Graña-Amat, Xavier; Shore, Scott K.; Engel, Nora; Gallucci, Stefania (Temple University. Libraries, 2011)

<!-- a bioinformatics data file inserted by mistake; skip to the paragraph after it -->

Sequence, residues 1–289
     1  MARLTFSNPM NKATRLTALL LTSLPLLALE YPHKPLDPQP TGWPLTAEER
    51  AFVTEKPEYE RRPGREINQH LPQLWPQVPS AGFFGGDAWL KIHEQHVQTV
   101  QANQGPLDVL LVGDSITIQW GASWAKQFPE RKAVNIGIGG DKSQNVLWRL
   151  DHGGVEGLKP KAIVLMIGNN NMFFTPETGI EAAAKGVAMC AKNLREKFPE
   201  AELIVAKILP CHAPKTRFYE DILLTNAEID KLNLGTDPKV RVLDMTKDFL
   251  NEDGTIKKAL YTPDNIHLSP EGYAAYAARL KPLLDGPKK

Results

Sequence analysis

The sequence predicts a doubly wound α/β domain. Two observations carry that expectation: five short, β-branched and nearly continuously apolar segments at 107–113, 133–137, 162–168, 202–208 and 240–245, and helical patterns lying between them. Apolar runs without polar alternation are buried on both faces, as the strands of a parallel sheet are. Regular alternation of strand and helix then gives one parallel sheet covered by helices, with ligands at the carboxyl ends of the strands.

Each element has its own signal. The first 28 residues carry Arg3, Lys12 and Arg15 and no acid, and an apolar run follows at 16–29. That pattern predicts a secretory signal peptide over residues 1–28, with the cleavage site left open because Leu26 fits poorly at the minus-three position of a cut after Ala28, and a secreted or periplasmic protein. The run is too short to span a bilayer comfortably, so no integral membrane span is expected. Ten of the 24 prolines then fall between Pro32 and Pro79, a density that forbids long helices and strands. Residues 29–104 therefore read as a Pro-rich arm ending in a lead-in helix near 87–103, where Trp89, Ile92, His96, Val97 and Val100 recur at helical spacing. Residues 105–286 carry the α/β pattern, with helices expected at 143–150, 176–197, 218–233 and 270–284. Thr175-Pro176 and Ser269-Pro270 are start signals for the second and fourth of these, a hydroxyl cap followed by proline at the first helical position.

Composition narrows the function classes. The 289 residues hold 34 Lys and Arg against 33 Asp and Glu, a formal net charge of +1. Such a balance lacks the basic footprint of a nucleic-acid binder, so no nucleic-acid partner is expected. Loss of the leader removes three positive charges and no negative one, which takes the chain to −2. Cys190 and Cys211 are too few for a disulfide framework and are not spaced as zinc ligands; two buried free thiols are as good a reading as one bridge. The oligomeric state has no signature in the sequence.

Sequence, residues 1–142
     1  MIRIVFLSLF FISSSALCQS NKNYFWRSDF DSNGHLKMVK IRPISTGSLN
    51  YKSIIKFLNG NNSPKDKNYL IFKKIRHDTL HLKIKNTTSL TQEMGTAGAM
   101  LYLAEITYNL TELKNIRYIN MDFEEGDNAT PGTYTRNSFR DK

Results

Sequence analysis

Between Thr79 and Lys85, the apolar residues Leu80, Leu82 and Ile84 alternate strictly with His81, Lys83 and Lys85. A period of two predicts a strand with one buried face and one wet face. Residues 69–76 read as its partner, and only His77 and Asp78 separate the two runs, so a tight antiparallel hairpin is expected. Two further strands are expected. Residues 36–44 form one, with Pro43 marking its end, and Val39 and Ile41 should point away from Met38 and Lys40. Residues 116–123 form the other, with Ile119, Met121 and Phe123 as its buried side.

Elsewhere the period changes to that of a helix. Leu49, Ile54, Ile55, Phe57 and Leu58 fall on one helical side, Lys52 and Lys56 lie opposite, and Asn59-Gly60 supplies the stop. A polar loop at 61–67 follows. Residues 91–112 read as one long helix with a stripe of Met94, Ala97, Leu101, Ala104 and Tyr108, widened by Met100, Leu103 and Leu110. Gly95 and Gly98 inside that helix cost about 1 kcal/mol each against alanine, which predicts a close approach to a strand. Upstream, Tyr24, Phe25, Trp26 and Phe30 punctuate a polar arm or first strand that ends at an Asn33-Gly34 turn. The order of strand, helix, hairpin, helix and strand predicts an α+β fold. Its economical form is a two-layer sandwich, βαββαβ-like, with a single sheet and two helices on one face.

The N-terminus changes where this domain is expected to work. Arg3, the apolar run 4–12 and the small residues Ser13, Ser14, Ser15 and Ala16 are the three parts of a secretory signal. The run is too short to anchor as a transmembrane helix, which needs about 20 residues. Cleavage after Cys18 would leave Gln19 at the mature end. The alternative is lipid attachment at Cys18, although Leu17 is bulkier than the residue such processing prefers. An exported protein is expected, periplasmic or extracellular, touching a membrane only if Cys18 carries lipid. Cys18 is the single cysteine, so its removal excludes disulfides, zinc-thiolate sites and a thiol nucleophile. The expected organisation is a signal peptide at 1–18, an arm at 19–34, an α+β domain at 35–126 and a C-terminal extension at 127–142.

Flavopridol (FVP) is a well known pharmacological inhibitor of Cyclin Dependent Kinases (CDKs), with significant selectivity for Cyclin Dependent Kinase 9 (CDK9). Treatment of cells with FVP results in inhibition of transcription elongation. CDK9 is a serine/threonine kinase that associates with T-type cyclins. These complexes are designated transcription elongation factors (P-TEFb). P-TEFb controls transcription elongation by phosphorylating the carboxyl terminal domain (CTD) of RNA polymerase II (RNAPII) and negative elongation factors. Whether P-TEFb is required for the elongation of most genes transcribed by RNAPII or fraction of them is still debatable. The aim of my Thesis is to understand the early and late effects of FVP on primary response gene expression. Two different microarray analyses with RNA probes obtained from T98G and BJ-TERT cells were performed by Drs. Graña and Garriga to determine the effect of inhibiting CDK9 on global mRNA expression using a dominant negative mutant of CDK9 (dnCDK9) and FVP. These gene profiling experiments showed that FVP and dnCDK9 downregulate the expression of several genes. However, these studies also showed upregulation of a group of primary response genes (PRGs). The goal of this thesis was to bring some light into this unexpected phenomenon. I have found that several PRGs including FOS, JUNB, EGR1 and GADD45B, are rapidly and potently downregulated before they are upregulated upon FVP treatment in exponentially growing cells. In serum starved cells restimulated with serum, FVP also inhibits the expression of these genes, but subsequently, JUNB, GADD45B and EGR1 are upregulated in the presence of FVP. Chromatin Immunoprecipitation of RNAPII revealed that EGR1 and GADD45B are apparently transcribed at the FVP-treatment time points where their corresponding mRNAs accumulate. These results suggest a possible stress response triggered by CDK9 inhibition. I also show that serum starvation does not affect the localization of RNAPII immediately downstream of the promoter of a PRG where RNAPII remains paused in the absence of mitogenic stimulation, suggesting that initiation is not rate limiting for transcription of at least certain PRGs in the absence of mitogens and remains dependent on transcription elongation. In sum, I have shown that certain PRG/IRGs are transcribed in the presence of FVP and their transcription might be independent of CDK9 suggesting a possible alternative mechanism of their transcription. I also determined that transcription initiation is not affected by serum starvation, as paused RNAPII appears to remain bound downstream of a PRG promoter in quiescent cells independently of the length of mitogenic starvation.